Chris Akin from "The Classic Metal Show" recently conducted an interview with CINDERELLA frontman Tom Keifer. You can listen to the entire chat below. A few excerpts follow (transcribed by BLABBERMOUTH.NET).
On whether he has "found his groove" with his second solo album, "Rise":
Tom: "I think 'focus" is a good word for it. We actually kind of said that we set out to do it. I love 'The Way Life Goes'. I think probably what makes that one feel slightly unfocused is that there's 14 songs on it. We consciously decided to make this one have less songs and kind of a more concise, compact package. The fact 'The Way Life Goes' had 14 tracks, there's just a little more variety on that one. It's a little bit broader in some ways, but this one certainly has that variety as well. I would say that I think 'more focused' is a good way to put it. I think, also, what helps with it is the fact that it's recorded with a band that's been touring together for six years. It was very easy to find that… We have a groove and a chemistry together now whereas 'The Way Life Goes' was created with session players. It was more of an overdubbed kind of vibe, and this was really the band jumping off of six years of touring and going straight into the studio. We purposely took over and locked out a small, tight studio room, and we set up in the room together and really cut these tracks for the most part live. There's not as much overdubbing on this record as records I've done in the past. That's probably the continuity or the focus comes from that as well."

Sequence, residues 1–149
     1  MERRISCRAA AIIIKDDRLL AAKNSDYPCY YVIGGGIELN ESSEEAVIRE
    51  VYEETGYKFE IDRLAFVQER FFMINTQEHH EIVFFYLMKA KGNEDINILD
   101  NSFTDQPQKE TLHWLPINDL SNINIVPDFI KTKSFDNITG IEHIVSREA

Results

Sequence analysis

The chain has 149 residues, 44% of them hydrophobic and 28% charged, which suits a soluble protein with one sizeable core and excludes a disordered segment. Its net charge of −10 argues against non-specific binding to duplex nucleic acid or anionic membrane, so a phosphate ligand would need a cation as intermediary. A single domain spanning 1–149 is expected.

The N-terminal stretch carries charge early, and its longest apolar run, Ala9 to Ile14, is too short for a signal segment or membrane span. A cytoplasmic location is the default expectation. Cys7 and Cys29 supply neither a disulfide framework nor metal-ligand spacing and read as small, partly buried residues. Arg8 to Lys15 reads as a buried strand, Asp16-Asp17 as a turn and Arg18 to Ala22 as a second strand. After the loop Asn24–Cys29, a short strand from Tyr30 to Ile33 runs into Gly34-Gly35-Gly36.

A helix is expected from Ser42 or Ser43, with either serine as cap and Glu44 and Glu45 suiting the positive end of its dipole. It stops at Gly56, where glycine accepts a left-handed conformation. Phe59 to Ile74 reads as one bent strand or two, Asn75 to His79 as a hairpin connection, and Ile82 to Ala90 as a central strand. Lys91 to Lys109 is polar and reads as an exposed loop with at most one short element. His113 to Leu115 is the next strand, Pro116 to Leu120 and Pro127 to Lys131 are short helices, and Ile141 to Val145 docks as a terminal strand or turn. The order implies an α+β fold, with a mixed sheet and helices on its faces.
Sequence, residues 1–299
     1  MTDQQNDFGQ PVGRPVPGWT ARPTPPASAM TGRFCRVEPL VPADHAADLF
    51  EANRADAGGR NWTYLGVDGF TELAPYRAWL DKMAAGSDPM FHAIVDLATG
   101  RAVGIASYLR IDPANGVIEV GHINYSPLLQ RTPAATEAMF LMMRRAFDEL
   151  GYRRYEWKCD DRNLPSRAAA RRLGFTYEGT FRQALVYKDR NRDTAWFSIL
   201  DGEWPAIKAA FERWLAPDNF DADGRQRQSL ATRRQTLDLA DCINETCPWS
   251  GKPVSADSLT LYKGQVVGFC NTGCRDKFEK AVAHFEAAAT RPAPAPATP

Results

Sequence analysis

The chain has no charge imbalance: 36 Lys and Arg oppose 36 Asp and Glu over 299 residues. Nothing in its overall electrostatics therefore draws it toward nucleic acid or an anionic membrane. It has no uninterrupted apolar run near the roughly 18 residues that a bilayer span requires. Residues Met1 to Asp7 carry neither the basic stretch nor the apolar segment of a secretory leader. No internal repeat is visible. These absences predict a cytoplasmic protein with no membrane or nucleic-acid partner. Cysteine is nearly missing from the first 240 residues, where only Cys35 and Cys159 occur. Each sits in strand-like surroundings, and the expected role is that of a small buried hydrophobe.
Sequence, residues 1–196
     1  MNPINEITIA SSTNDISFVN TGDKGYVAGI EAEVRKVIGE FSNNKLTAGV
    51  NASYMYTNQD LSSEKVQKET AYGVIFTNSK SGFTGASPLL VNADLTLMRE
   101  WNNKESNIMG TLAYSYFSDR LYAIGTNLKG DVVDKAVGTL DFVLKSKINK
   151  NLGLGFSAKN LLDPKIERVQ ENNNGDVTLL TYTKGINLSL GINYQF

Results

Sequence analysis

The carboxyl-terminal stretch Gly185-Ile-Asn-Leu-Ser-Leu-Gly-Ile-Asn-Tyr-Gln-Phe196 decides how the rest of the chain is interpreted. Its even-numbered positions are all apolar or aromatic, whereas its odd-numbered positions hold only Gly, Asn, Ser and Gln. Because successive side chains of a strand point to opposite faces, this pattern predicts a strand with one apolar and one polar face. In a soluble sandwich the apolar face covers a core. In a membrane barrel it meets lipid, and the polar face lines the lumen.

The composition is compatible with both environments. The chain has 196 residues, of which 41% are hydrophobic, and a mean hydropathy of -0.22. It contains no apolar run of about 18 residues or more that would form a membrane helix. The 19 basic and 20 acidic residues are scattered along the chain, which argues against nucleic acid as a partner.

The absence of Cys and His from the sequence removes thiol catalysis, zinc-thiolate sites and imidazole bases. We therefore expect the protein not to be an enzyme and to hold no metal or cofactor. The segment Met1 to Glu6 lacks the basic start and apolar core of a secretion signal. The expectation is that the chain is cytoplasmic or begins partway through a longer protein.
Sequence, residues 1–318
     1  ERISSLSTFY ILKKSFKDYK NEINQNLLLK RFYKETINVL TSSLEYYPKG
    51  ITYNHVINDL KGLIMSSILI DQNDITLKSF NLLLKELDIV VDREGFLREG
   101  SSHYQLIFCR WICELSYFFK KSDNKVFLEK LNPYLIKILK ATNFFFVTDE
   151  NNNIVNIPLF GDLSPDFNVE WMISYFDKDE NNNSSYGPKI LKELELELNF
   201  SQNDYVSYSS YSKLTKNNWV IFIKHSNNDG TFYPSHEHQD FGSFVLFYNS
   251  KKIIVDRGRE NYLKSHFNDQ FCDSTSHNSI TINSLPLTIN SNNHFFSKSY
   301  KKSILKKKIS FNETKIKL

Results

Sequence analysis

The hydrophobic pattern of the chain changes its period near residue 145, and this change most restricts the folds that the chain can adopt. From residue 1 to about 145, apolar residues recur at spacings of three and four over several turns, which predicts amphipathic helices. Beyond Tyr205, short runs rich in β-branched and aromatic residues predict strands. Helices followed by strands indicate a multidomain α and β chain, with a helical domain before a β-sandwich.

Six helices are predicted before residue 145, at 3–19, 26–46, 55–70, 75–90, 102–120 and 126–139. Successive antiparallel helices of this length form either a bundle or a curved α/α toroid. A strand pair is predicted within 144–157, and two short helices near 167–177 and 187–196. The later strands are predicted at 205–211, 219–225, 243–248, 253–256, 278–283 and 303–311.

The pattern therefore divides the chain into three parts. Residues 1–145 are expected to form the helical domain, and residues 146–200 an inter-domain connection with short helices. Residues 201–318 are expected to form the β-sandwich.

On the "live" feeling of "Rise":
Tom: "Going in and going for the performances and letting everybody just feel their way around on their parts and all until it feels like a track certainly lends itself more to having to overdub less. We were going for performances, and when I say 'performances,' literally, some of these songs from the drums up to my lead vocals are right from the tracking session. It's very much a live record and I think that was what we were trying to capture because we've been doing that for six years. [Laughs] Obviously, everybody's playing basically what we did in the studio. It's not a highly layered record. Even some of the big vocal stacks, obviously, there's some overdubs going on there, but we have six amazing singers in the band. A lot of that stuff like on 'Rise' was us around one mic, the out-section of 'Rise', just singing very much what we do live on 'Shelter Me' or when we do '[With] A Little Help From My Friends', we have that big, gothic gospel blend between all the singers in our band. It's us."
On whether he feels like more of a "musician" today versus in CINDERELLA's heyday: